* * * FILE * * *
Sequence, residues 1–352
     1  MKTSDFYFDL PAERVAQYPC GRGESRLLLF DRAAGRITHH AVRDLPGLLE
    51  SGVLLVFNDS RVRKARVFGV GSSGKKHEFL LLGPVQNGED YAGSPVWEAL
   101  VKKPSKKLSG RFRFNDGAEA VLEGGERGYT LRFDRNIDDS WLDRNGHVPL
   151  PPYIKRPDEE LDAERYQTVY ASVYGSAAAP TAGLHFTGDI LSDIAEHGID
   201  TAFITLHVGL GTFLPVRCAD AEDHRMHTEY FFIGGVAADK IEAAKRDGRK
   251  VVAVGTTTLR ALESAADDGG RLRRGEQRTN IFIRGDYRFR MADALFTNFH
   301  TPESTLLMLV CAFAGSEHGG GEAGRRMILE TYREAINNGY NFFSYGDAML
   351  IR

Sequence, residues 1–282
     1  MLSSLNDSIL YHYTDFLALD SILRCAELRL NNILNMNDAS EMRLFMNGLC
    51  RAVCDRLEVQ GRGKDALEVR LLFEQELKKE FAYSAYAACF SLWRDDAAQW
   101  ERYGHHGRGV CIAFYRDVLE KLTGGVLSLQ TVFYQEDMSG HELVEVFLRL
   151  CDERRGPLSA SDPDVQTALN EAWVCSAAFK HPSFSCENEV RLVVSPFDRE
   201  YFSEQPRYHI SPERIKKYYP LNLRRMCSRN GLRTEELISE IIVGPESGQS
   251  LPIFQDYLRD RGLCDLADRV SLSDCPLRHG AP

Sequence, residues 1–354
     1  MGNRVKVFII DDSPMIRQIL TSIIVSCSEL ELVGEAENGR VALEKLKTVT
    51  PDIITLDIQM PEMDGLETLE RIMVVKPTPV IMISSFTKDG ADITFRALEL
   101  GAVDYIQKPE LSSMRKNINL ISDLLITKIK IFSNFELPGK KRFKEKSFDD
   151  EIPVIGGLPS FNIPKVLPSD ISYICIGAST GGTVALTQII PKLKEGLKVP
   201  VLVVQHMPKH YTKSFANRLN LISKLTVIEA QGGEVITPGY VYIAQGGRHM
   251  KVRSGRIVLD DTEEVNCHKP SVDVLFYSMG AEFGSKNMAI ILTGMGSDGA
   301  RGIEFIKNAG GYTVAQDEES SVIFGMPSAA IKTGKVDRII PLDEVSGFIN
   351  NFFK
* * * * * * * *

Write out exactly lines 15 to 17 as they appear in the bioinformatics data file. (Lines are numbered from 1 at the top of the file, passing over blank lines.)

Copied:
   201  YFSEQPRYHI SPERIKKYYP LNLRRMCSRN GLRTEELISE IIVGPESGQS
   251  LPIFQDYLRD RGLCDLADRV SLSDCPLRHG AP

Sequence, residues 1–354